Tangsjöstugan and Lilla Tangsjöstugan in Fulufjället National Park

Main Attractions of Fulufjället National Park

Fulufjället National Park offers visitors a range of natural wonders. This section will explore some of the most popular attractions, including a waterfall, an ancient tree, a mysterious ring-shaped stone plateau, and a hidden gem just outside the park’s boundaries.


The Njupeskär, near the park’s main entrance, is often wrongly referred to as Sweden’s tallest waterfall. However, the twin waterfalls Greven and Grevinnan in Stora Sjöfallet National Park are the tallest waterfalls in Sweden, with a total height of over 250 meters. Njupeskär has a height of just over 90 meters and a free fall of 70 meters, which makes it the highest free-falling waterfall in Sweden.

Despite not being the tallest, Njupeskär is still the top-rated destination for visitors to the park. Visitors can reach the waterfall via a well-marked and relatively short hiking trail starting at the park’s main entrance. During the summer, it takes around 30 minutes to get to the viewing platform in the canyon, that provides excellent views of the waterfall and the surrounding landscape.

During the winter, the waterfall often freezes, creating a stunning ice sculpture worth seeing. The area around Njupskärsstugan provides the best views in the winter, as walking into the canyon during the winter can be dangerous due to the risk of avalanches. Additionally, access to the canyon may be restricted due to the nesting season of the Gyrfalcon. Visitors should exercise caution and follow park regulations.

Old Tjikko

Old Tjikko is a Norway spruce with a root system that is believed to be at least 9,500 years old. It is a clonal tree, meaning its trunk can die and regrow multiple times while the root system remains intact. The tree was discovered in 2004 by Leif Kullman, professor of physical geography at Umeå University, and his wife, Lisa Öberg, a tree scientist with a doctorate in biology and ecology from Mid Sweden University. They named the tree after their late dog, Tjikko. No marked path leads to Old Tjikko, but if you ask one of the park’s rangers, they will gladly point you in the right direction.


Altarringen is a ring-shaped stone plateau in the middle of the park, with panoramic views of the surrounding landscape. There are some wild theories that it has been a Sami cult place, but the rock formation has probably been used to catch falcons. Visitors can reach Altarringen via the Tangsjöleden loop trail (22.5 km) and take a detour towards the Altarringen (4 km). It is a long and demanding trail, but the stunning views make it well worth the hike.

Fulufallen (Bonus Insiders Tip)

The Fulufallen waterfall is a hidden gem just outside the park’s boundaries. While it is not as impressive as Njupeskär, it is still worth a visit while you are in the area. Fulufallen consists of 8 wild rapids over a stretch of 400 meters, with a total drop of 80 meters. The trail to the Fulufallen is 1.7 km long and takes you through a lush forest with marshlands and small ponds. The trail starts at a parking spot in Tjärnvallen, which is a ten minutes drive from the main entrance.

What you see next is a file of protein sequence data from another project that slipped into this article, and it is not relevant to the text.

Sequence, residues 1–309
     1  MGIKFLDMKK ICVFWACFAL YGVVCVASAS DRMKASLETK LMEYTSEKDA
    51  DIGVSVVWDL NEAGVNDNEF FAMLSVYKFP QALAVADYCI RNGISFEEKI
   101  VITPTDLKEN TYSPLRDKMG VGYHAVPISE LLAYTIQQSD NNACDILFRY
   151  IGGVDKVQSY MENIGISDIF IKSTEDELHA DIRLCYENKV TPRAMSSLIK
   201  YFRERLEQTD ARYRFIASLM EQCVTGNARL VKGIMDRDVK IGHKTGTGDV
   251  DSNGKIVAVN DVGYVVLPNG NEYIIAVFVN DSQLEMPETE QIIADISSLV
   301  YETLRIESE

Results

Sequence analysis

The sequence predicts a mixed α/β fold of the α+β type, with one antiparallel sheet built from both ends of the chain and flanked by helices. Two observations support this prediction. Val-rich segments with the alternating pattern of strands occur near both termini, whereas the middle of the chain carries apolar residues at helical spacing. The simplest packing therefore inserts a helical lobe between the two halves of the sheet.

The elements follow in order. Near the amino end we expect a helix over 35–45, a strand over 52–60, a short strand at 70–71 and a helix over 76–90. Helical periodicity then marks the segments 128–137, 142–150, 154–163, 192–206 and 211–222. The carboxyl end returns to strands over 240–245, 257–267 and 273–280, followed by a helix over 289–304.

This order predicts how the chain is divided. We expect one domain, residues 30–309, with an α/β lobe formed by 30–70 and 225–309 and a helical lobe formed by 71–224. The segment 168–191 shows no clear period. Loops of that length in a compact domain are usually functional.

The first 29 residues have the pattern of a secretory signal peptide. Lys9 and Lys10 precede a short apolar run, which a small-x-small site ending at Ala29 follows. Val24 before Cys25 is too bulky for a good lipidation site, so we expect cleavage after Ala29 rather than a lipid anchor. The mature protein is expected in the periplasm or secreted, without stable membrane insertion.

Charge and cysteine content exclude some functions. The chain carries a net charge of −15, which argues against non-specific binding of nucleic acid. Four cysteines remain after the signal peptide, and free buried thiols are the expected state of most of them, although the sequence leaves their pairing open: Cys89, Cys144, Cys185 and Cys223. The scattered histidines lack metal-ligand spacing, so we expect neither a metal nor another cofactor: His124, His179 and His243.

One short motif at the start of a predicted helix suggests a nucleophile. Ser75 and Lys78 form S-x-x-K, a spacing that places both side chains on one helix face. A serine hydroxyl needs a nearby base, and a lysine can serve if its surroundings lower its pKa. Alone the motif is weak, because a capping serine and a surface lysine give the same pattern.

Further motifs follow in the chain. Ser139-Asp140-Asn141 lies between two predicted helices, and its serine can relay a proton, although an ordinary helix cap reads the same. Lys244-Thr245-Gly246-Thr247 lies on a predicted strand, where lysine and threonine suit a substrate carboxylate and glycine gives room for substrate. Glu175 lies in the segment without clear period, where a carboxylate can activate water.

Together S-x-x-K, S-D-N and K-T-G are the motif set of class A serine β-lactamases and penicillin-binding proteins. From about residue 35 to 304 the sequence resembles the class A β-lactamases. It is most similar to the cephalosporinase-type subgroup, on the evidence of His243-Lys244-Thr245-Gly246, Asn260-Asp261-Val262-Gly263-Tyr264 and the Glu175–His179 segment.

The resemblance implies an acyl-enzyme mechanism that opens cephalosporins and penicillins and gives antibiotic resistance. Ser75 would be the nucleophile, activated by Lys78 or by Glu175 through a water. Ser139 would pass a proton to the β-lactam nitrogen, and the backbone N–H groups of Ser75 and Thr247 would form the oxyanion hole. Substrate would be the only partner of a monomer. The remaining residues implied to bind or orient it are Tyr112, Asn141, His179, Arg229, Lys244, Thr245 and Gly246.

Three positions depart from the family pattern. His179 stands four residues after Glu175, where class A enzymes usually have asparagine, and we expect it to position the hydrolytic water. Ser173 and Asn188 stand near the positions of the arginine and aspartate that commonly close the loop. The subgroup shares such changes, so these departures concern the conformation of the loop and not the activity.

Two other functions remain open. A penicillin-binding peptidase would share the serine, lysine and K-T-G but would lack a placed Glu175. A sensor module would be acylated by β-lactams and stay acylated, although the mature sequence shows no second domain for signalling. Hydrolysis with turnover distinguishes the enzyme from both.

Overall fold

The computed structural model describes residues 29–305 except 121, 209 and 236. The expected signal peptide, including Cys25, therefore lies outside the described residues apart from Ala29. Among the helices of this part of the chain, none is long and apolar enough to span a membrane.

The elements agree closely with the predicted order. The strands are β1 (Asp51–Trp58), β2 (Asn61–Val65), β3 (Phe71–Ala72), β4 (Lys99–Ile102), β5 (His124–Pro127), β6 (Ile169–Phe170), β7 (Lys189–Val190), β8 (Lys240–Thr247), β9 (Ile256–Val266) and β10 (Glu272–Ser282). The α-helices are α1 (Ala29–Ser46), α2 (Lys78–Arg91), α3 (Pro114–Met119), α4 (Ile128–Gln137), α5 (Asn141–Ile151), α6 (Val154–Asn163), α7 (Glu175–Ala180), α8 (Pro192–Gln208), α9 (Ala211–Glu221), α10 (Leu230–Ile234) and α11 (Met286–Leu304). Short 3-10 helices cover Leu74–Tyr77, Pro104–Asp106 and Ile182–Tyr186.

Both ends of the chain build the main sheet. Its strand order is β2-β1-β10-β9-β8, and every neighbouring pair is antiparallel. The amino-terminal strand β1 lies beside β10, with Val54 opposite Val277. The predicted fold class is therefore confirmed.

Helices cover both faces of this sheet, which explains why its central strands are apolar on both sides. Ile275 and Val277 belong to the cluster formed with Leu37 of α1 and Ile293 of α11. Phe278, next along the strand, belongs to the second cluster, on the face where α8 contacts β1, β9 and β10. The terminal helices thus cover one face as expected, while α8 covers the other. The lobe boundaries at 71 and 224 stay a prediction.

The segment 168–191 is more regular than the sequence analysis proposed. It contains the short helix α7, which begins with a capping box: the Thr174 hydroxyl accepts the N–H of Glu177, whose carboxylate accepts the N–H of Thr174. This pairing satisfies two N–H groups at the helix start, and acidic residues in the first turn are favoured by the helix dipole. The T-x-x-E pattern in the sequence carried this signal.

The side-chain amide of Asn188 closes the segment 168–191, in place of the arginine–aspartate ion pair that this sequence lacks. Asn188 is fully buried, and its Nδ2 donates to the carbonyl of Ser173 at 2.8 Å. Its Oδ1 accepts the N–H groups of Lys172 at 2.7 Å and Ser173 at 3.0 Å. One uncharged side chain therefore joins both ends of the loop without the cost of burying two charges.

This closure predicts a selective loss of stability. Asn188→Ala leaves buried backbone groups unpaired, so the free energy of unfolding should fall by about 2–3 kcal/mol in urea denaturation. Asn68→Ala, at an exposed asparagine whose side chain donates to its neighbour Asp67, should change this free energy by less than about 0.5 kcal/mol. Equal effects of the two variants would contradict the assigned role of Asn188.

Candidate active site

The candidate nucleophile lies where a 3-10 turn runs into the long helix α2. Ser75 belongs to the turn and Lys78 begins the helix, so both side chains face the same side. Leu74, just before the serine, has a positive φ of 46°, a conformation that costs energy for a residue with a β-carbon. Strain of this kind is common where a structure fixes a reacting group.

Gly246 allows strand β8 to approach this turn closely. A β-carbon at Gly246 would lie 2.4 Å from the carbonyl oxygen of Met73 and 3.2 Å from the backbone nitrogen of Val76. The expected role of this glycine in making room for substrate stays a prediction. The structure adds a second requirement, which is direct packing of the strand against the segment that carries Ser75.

The Njupskär is, despite not being the tallest in Sweden, still very impressive and beautiful.

Best Hiking Trails in Fulufjället National Park

The main activity in Fulufjället National Park is hiking. From a family-friendly stroll from the main entrance to multiple-day trekking, there is something for everyone. Hiking is especially recommended between June and September since the park may be covered in snow for the rest of the year. Most trails are not maintained during the winter, and you might need snowshoes or cross-country skis to get around.

Fulufjället National Park offers a well-developed trail system with more than 140 km of marked trails. Below you can find a list of the best hiking trails in Fulufjället National Park.

Lavskrikeleden (2 km)

A short loop trail on packed gravel and wooden planks. It starts at the main entrance and is wheelchair and pram friendly.

Njupeskärsslingan (3.9 km)

An easy and beautiful loop trail on gravel, wooden planks, and bridges to the Njupskär waterfall. The trail starts at the main entrance. You will find several information boards along the trail and wander through a majestic valley with 400-year-old fir trees. During the winter, the Njupeskär canyon can be dangerous due to the risk of avalanches. The trail is considered a summer trail and is not plowed during the winter. Visitors should exercise caution and follow park regulations to ensure their safety.

Jaktfalksleden (5.5 km) 

This trail is an extended version of the Njupeskärsslingan, taking you to the top of the Njupeskärs waterfall. This trail can be demanding and is not recommended during rainy weather because it can become slippery.

Rösjöleden (9, 15, or 20 km)

The Rösjöleden trail starts at the main entrance and takes you to beautiful, peaceful, and quiet lakes on the Fulufjället plateau.

  • 9 km: take the trail towards Rösjöarna.
  • 15 km: take the trail towards Harrsjöarna and then to Rösjoarna.
  • 20 km: take the trail to Lorthån, then towards Harrsjöarna, and finally back to Rösjöarna.

Bergådalsleden (24 km)